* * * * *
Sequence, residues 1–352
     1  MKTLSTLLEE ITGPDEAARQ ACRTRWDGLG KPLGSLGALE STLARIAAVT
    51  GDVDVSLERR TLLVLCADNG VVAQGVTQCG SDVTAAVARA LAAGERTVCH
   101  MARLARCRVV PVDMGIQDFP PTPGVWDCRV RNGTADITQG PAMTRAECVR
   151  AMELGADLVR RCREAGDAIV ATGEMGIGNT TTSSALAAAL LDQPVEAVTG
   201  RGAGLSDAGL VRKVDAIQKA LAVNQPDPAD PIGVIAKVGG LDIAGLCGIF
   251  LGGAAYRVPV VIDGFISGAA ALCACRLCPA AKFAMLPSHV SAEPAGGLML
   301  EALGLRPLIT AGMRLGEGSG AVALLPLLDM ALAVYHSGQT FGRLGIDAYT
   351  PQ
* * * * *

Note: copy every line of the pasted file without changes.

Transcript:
Sequence, residues 1–352
     1  MKTLSTLLEE ITGPDEAARQ ACRTRWDGLG KPLGSLGALE STLARIAAVT
    51  GDVDVSLERR TLLVLCADNG VVAQGVTQCG SDVTAAVARA LAAGERTVCH
   101  MARLARCRVV PVDMGIQDFP PTPGVWDCRV RNGTADITQG PAMTRAECVR
   151  AMELGADLVR RCREAGDAIV ATGEMGIGNT TTSSALAAAL LDQPVEAVTG
   201  RGAGLSDAGL VRKVDAIQKA LAVNQPDPAD PIGVIAKVGG LDIAGLCGIF
   251  LGGAAYRVPV VIDGFISGAA ALCACRLCPA AKFAMLPSHV SAEPAGGLML
   301  EALGLRPLIT AGMRLGEGSG AVALLPLLDM ALAVYHSGQT FGRLGIDAYT
   351  PQ